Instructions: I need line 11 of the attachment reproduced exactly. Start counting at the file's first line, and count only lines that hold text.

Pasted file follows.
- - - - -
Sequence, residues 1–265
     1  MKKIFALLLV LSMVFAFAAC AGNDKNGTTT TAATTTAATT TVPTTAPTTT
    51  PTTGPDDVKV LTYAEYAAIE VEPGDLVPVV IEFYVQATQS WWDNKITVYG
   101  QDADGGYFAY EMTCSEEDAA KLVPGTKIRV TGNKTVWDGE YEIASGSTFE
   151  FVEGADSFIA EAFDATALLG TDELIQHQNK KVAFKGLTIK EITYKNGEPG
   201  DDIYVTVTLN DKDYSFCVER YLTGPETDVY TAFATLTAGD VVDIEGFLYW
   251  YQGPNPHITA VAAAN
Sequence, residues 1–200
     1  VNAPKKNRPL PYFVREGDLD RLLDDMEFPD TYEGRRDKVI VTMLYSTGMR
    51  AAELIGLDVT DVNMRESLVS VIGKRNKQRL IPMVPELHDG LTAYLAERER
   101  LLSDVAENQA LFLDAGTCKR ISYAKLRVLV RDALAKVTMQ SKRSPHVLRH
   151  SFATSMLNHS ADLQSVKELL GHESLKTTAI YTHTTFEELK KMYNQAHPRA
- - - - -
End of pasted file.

   101  LLSDVAENQA LFLDAGTCKR ISYAKLRVLV RDALAKVTMQ SKRSPHVLRH